On January 7, 2014, Fighthype.com published an interview with Mayweather in which he called Pacquiao a "desperate dog" who is chasing a megabout due to his tax problems.[46] In response, Pacquiao challenged Mayweather to a fight for charity. "I challenge him to include in our fight contract that both of us will not receive anything out of this fight," Pacquiao said. "We will donate all the proceeds from the fight—guaranteed prize, should there be any, gate receipts, pay-per-view and endorsements—to charities around the world." He added, "Floyd, if you’re a real man, fight me. Let’s do it for the love of boxing and for the fans. Let’s do it not for the sake of money. Let’s make the boxing fans happy."

Successful negotiations

As reported by at least 5 major media outlets (USA Today, Los Angeles Times, Hollywood Reporter, Wall Street Journal and the New York Post), serious negotiations leading to success were kickstarted in May 2014 by a very unlikely source: A Hollywood waiter/actor named Gabriel Salvador (Bones, Bluebloods, Rizzoli & Isles, CSI).

Salvador forged a friendship with CBS Network President Leslie Moonves when Moonves became a regular at Craig's restaurant in West Hollywood, where Salvador worked part-time as a waiter. Salvador and Moonves bonded over their mutual love of boxing.

CBS is the parent company of Showtime Network, which had invested heavily in boxing and spent top-dollar on a multi-year deal with Mayweather.[48] Salvador told Moonves that he believed he could make the fight happen if he could get Moonves together with Pacquiao confidant and trainer Freddie Roach.

Salvador believed he could do so based on his connection to both men and his "unshakeable feeling" that together they could cut through the politicking and power struggles that seem to have stymied prior negotiations. Salvador's son Elijah worked out at Freddy Roach's gym. Moonves agreed that Salvador should approach Roach to make an introduction with a view to making the fight a reality. Eventually, Salvador approached Roach and asked him if he would be willing to meet with Moonves to get the wheels in motion. Roach agreed and asked Salvador to set up a meeting.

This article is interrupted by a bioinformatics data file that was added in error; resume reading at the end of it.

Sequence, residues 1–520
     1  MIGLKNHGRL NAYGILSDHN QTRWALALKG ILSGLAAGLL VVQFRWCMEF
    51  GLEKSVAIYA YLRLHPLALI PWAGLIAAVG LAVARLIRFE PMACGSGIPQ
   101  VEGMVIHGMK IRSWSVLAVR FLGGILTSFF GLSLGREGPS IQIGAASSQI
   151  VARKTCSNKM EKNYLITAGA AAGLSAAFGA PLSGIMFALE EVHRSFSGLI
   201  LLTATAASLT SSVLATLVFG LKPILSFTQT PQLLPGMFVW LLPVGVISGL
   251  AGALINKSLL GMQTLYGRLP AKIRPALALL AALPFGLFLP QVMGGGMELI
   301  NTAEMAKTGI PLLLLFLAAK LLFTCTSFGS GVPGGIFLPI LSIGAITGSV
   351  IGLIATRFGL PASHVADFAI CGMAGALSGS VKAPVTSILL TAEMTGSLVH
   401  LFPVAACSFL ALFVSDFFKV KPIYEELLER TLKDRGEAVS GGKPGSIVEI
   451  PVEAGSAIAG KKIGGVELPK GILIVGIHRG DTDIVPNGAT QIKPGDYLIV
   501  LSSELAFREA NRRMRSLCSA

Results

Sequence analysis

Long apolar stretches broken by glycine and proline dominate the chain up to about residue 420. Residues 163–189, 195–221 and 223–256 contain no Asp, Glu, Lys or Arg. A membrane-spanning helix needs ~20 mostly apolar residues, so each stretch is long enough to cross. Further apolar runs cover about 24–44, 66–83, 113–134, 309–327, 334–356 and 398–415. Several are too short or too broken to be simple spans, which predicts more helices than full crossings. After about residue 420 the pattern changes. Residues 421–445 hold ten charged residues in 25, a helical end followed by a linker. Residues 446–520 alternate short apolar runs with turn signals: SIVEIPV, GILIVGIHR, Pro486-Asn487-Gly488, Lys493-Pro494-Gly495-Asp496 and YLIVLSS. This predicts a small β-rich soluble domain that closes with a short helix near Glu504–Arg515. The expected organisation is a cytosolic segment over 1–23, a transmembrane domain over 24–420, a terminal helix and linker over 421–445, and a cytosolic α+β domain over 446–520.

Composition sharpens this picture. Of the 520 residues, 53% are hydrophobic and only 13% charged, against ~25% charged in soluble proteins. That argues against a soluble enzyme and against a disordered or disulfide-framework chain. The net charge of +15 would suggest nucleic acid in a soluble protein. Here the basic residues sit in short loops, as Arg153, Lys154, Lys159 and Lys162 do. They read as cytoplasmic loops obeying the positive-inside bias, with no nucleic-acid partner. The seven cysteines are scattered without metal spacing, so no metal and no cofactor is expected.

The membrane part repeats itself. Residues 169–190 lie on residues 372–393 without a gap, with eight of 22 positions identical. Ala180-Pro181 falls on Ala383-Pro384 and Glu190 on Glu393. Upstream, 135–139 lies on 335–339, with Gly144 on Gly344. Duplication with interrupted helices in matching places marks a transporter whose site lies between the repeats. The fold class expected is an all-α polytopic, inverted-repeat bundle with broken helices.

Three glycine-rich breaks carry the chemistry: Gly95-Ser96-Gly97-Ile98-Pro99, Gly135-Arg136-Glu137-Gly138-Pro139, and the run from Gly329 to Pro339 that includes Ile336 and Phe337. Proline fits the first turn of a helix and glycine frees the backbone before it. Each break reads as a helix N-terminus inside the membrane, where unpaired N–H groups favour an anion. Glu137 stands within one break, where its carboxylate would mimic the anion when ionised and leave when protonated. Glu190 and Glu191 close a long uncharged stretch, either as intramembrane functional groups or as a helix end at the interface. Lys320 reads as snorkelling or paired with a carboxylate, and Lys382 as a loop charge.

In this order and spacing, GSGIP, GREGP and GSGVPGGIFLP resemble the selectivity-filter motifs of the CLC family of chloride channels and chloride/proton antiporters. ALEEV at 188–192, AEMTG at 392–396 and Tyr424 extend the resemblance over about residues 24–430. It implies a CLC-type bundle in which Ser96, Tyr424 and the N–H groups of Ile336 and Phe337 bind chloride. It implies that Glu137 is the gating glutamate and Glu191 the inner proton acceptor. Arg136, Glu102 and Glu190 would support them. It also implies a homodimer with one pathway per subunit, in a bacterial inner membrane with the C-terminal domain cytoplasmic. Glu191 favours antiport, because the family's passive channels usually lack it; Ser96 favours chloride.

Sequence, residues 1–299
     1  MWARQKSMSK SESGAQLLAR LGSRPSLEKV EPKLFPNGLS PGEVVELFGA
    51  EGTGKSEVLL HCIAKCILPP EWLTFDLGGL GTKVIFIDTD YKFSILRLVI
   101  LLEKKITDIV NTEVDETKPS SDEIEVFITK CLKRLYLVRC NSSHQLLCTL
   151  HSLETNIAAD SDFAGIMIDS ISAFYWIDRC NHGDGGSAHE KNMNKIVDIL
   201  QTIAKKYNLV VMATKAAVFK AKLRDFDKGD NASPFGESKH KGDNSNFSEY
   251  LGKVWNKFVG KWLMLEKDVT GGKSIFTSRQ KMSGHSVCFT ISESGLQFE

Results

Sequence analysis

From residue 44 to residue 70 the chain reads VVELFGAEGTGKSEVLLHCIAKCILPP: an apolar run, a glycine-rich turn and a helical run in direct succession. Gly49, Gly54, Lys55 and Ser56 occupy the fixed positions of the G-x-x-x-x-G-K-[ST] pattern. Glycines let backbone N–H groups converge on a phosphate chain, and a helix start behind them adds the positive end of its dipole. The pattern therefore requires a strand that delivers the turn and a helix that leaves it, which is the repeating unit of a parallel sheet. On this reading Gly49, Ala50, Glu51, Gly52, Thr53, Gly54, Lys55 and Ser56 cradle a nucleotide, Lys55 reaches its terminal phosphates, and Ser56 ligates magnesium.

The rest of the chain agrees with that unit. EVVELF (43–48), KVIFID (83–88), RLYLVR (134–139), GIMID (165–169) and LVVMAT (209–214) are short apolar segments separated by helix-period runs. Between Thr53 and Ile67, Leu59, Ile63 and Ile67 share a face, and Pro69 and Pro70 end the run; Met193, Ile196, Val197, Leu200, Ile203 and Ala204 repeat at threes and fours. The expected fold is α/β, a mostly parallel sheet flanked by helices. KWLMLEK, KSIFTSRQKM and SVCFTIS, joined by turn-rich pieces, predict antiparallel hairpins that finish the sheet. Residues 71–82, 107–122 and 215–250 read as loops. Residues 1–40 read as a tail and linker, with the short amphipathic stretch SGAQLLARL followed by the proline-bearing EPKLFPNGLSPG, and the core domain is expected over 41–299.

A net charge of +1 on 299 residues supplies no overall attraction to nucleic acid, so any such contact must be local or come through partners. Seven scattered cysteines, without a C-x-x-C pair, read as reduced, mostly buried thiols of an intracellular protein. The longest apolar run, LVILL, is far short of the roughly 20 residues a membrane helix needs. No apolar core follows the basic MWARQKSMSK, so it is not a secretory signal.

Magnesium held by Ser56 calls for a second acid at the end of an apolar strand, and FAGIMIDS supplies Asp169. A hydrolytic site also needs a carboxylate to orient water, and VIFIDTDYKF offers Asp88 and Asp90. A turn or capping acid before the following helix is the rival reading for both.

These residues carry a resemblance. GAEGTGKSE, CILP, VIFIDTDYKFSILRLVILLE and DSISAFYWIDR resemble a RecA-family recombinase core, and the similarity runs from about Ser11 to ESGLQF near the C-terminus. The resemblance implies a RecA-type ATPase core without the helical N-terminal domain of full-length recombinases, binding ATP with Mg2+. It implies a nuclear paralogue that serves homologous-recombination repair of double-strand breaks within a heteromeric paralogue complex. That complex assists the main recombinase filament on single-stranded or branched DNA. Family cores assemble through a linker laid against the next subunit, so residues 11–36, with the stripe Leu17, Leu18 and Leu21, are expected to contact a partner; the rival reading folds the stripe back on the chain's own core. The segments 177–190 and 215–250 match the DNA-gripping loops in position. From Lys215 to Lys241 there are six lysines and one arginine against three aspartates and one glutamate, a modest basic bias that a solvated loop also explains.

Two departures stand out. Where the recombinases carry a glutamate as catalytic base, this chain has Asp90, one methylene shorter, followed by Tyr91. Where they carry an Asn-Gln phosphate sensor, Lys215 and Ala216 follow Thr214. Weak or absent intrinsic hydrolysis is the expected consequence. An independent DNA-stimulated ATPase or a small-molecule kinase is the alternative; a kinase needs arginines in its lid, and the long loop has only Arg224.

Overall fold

The first meeting between Moonves and Roach took place on May 28, 2014 at the Scarpetta restaurant in the Montage Hotel in Beverly Hills, which Salvador attended.

Both Roach and Moonves agreed the long-awaited bout had to happen and Roach gave Moonves the green-light to start making things happen. Roach later helped Moonves make peace with Pacquiao promoter Bob Arum.

Moonves then brought the warring elements from both boxers' camps together and, with Salvador's help, even arranged meetings at his home. After difficult negotiations, it was not long after that both camps agreed to fight on the night of May 2, 2015.